The value of workers with disabilities

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Employers across the nation are facing a shortage of workers.

An often overlooked, but valuable group is individuals with disabilities.

October is National Disability Employment Awareness month and we spoke with two organizations about why this group is an asset to the workforce.

North Dakota, like the entire country, is facing a shortage of workers.

Job Service North Dakota is a resource available to connect employers and job-seekers.

Susan Ogurek, the Workforce Center Manager in Minot, says employers shouldn’t count out individuals with disabilities when they are hiring.

“It’s another group of our population that is very ready and willing to work,” said Susan Ogurek.

Ogurek said some employers may be deterred because they’re not sure what type of accommodations they would have to make, but she said many aren’t as expensive as you would think.

“Could be something as simple as maybe being a little bit more flexible work schedule for the individual,” said Ogurek. “Maybe it’s someone who has to take, has to utilize, public transportation to get to and from work.”

She said there are organizations that will help people with disabilities find jobs.

“Our Vocational Rehabilitation and employment is an example of that and they often can help the employer understand what kind of job accommodations that person might need,” said Ogurek. “Then you also have Independence Inc.”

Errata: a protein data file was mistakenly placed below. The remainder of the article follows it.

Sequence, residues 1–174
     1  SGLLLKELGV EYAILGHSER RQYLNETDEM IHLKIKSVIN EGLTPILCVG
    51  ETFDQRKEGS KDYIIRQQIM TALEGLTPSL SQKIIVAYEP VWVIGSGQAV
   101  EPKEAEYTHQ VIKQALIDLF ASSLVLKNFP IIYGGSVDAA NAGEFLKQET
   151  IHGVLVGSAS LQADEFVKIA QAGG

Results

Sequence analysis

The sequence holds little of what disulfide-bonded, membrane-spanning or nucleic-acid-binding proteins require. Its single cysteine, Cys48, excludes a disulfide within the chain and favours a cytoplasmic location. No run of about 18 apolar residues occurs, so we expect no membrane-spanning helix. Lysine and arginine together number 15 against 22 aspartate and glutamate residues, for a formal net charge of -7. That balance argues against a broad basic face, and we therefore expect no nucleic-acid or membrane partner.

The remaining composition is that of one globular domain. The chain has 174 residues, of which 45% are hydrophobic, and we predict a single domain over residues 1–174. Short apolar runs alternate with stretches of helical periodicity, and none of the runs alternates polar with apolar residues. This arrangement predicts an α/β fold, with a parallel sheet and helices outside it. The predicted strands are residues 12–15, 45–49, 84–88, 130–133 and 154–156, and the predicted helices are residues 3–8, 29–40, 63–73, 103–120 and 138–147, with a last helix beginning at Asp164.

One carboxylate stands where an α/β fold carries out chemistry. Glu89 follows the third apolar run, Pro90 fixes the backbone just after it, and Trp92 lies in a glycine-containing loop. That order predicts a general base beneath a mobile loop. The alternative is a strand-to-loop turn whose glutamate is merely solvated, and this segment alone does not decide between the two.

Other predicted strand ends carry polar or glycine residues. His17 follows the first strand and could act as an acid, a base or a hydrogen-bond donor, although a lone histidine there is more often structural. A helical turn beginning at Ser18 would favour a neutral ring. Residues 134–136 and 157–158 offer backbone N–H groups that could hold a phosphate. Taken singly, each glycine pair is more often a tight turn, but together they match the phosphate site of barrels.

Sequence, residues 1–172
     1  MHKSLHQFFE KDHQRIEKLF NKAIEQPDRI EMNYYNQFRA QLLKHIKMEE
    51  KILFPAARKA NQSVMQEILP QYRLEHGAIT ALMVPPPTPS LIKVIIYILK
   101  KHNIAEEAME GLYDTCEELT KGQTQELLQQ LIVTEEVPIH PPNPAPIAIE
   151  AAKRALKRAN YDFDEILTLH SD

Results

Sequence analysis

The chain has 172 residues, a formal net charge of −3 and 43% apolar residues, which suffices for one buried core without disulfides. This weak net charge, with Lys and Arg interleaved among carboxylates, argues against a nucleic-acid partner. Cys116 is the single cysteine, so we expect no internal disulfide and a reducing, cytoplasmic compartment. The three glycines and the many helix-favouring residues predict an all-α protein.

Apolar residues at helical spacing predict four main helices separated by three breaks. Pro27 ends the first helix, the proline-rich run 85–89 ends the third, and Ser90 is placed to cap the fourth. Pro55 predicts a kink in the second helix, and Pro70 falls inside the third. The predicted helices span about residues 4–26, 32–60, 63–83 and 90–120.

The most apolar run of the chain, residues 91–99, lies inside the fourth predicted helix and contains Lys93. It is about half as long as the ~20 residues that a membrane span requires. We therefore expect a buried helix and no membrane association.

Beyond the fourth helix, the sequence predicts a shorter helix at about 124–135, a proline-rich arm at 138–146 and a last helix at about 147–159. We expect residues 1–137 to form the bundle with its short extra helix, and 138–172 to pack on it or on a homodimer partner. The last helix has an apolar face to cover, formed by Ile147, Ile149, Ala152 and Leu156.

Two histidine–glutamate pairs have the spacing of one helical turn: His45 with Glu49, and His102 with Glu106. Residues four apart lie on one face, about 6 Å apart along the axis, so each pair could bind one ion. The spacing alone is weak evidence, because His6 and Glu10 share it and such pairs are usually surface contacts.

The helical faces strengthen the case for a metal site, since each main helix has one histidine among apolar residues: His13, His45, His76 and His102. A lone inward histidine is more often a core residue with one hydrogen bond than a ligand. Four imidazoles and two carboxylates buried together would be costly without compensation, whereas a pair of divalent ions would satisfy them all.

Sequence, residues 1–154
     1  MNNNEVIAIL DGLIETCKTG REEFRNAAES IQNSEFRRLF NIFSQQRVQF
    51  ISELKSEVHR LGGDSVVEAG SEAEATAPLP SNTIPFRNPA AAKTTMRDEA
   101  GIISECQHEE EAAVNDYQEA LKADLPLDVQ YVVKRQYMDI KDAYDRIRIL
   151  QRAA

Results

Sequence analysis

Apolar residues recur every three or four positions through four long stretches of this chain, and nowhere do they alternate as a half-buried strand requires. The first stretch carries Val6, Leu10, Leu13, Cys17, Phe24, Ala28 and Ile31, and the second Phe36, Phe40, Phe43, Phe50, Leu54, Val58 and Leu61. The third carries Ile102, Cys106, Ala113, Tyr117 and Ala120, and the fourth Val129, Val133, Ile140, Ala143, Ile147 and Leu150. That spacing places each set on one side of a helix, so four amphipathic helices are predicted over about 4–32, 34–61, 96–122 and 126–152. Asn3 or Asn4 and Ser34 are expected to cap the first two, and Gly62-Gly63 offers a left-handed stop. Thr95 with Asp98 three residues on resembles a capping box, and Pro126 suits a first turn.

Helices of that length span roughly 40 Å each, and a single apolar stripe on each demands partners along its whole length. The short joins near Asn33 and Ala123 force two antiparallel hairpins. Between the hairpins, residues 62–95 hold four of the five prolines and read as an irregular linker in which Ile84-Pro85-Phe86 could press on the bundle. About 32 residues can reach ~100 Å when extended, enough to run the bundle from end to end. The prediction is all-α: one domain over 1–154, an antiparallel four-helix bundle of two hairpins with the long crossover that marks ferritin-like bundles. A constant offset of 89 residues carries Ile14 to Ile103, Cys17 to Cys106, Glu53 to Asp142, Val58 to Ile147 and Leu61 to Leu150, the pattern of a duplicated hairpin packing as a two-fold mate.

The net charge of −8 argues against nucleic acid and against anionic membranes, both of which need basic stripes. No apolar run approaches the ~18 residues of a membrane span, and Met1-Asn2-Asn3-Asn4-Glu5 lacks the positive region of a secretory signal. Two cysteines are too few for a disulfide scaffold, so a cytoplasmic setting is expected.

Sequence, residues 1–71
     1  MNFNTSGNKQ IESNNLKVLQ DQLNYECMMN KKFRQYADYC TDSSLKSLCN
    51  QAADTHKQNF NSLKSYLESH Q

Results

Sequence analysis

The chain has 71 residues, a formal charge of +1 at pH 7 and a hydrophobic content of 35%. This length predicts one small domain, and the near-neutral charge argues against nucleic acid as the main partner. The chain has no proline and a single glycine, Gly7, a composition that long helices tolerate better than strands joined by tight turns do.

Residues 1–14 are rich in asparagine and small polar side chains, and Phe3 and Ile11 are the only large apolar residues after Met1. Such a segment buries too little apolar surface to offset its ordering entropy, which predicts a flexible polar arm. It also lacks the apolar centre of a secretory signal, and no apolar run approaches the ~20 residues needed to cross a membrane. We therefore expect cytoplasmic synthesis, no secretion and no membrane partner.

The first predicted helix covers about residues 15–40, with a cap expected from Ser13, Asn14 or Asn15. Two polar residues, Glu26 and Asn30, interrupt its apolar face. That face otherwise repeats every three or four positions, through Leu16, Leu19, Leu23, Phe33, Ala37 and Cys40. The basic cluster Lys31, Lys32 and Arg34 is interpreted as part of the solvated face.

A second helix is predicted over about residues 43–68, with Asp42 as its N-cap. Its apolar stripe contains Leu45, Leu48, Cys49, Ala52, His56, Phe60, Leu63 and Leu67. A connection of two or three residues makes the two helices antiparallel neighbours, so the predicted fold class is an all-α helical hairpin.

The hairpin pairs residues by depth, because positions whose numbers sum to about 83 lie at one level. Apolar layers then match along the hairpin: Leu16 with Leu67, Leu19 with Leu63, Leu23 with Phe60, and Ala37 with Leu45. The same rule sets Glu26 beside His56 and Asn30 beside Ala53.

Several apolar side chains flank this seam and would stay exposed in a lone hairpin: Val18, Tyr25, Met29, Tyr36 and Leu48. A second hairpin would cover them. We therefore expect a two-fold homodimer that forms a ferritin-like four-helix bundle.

Scott Burlingame, the Executive Director, said the worker shortage should make employers more flexible.

“People with disabilities are traditionally one of the last and most underutilized resources when it comes to employment and there’s a lot of people out there who are looking to work,” said Scott Burlingame. “And any opportunity that an employer can maybe be a little more flexible, they can find a long term employee who can make a big difference in their company.”

According to a recent compendium, the employment rate for workers with disabilities in North Dakota is 57.2 percent compared to 38.8 percent nationally.

“I think it’s something North Dakota can definitely be proud of, that our culture and in our beliefs in the importance of employment have bled over into our expectations of people with disabilities.”

Burlingame added hiring people with disabilities is a win for everyone involved.

“Employment is the ultimate anti-poverty program so the more people with disabilities that we can get employed, the more people with disabilities we can get out of poverty,” said Burlingame.

For more information on the North Dakota Department of Human Services Division of Vocational Rehabilitation, click here, or call toll-free at 1-800-755-2745.

For more information on Independence Inc., click here, or call 701-839-4724.

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